Sen. Barbara Boxer (D-CA)
    Sen. Kent Conrad (D-ND)
    Sen. Michael DeWine (R-OH)
    Sen. Byron L. Dorgan (D-ND)
    Sen. Dianne Feinstein (D-CA)
    Sen. Orrin G. Hatch (R-UT)
    Sen. Ernest F. Hollings (D-SC)
    Sen. Patrick J. Leahy (D-VT)
    Sen. Patty Murray (D-WA)
    Sen. Benjamin E. Nelson (D-NE)
    Sen. Gordon Smith (R-WA)
    Sen. Strom Thurmond (R-SC)

    Sen. George Allen (R-VA) withdrew his sponsorship on 8/1/2002 because of his concerns about the bill.

    What you need to do: Contact your Senator - especially if he or she is listed as a co-sponsor - to let them know that this bill should not be passed until it receives careful analysis and until hearings are held. Your Senator should ensure that the bill not move forward. The carefully crafted balances of the Copyright Act should not be circumvented by hastily drafted and considered amendments that have not been the subject of even one hearing.

    As currently drafted it has unintended consequences that could be very harmful to our institutions and our users, as follows:

    • Copyright permits the copying of works in a wide variety of academic, library, and private consumer settings. S. 2395 would outlaw these reproductions if they involve making and providing to others (or "trafficking in") copies of works containing digital watermarks. S. 2395 would also inhibit the removal of the watermarks from these lawfully made copies. S. 2395's requirement that the prohibited trafficking involve "consideration" - transporting or transferring to another in exchange for "anything of value" -- would be easily met because libraries often receive reimbursement for the costs involved in making copies for interlibrary loans, and scholars frequently exchange materials of mutual interest.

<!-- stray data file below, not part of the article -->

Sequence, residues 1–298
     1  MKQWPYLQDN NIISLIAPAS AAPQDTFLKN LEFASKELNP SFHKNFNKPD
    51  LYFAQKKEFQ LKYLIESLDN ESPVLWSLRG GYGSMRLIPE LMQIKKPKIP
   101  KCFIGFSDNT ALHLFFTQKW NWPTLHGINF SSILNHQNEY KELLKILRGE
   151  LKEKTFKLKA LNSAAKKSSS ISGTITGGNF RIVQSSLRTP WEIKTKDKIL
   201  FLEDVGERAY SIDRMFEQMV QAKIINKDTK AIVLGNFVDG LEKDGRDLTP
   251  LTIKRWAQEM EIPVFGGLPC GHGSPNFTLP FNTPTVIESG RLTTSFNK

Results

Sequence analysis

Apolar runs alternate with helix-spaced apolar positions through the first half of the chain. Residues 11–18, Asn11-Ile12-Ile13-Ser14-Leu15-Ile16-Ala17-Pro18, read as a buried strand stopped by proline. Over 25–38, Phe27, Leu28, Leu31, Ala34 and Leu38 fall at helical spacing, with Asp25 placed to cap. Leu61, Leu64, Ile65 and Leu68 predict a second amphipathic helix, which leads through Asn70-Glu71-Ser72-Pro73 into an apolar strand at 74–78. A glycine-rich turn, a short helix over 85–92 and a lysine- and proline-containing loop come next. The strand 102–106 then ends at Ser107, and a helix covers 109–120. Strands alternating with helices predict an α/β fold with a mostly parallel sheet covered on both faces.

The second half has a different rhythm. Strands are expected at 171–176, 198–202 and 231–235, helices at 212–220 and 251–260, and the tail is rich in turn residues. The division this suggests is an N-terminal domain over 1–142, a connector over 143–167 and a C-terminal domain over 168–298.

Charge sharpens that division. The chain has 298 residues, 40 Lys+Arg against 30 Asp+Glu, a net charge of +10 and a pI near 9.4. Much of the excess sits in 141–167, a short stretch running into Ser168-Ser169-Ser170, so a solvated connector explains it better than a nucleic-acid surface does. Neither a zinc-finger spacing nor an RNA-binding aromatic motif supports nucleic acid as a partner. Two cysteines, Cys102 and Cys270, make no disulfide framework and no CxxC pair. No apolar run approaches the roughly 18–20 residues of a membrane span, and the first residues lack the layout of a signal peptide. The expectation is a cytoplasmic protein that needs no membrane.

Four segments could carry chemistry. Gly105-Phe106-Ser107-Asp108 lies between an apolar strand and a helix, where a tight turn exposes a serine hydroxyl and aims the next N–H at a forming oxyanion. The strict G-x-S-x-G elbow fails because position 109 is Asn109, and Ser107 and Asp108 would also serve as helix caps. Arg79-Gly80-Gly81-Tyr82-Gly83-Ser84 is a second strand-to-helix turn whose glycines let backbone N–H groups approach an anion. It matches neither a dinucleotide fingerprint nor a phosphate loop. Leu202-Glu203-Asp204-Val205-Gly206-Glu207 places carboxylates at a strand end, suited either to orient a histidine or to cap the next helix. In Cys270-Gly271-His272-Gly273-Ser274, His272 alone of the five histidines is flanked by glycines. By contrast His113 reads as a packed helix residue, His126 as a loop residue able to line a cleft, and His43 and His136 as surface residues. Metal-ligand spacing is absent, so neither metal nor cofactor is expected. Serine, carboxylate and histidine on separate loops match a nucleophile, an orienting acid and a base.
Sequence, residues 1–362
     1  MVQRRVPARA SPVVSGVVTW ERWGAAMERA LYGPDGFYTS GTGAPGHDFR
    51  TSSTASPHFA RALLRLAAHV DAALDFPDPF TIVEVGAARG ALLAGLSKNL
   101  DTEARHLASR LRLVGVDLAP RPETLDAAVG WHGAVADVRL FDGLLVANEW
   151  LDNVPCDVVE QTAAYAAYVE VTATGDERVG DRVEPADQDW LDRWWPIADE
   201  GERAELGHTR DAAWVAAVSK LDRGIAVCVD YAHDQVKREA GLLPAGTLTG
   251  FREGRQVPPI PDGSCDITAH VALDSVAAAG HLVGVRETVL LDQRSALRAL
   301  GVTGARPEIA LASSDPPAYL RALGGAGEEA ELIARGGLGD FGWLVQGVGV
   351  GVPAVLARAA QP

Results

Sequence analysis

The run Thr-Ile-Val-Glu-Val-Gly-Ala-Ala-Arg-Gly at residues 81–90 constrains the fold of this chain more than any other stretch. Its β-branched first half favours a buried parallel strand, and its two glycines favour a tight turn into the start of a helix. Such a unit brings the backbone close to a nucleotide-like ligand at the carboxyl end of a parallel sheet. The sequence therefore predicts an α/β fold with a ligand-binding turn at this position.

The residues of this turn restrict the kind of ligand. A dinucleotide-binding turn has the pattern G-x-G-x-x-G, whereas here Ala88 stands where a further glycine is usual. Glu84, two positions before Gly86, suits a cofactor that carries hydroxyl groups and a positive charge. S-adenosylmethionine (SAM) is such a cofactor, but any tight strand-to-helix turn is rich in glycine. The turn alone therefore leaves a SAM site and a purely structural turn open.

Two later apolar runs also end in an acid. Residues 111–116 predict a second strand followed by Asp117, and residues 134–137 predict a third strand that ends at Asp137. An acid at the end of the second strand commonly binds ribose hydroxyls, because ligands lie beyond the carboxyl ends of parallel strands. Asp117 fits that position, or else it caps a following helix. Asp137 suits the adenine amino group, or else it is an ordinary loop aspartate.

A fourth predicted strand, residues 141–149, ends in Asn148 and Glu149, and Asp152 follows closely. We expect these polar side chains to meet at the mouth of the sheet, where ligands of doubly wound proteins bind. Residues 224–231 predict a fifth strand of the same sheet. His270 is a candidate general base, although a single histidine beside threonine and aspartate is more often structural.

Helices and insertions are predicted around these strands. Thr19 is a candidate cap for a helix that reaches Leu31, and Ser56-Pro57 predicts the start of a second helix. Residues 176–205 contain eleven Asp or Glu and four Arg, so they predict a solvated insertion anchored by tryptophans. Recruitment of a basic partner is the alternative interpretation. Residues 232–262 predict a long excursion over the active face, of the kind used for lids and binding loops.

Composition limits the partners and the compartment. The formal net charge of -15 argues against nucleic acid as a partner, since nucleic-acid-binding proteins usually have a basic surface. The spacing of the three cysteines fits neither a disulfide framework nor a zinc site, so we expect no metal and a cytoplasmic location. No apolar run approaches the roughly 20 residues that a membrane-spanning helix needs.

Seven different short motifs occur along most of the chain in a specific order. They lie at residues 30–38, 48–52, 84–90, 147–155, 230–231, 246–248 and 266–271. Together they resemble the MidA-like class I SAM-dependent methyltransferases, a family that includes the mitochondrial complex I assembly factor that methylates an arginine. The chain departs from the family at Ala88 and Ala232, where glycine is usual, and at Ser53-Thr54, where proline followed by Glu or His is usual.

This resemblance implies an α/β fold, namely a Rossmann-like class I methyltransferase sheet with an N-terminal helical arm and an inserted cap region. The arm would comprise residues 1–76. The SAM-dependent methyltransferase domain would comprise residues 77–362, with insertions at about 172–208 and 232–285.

• S. 2395 imposes more severe penalties than the Copyright Act for identical behavior. Criminal liability under the Copyright Act attaches only for willful infringements that result in private financial gain or copies with a retail value of more than $1,000. By contrast, distributing a copy of even one song containing a digital watermark could trigger criminal liability under S. 2395. Thus, S. 2395 could lead to criminal sanctions for minor infringements by ordinary consumers, notwithstanding the bill's stated purpose of targeting "organized criminal counterfeiting enterprises" that are a threat "to the economic growth of United States copyright industries."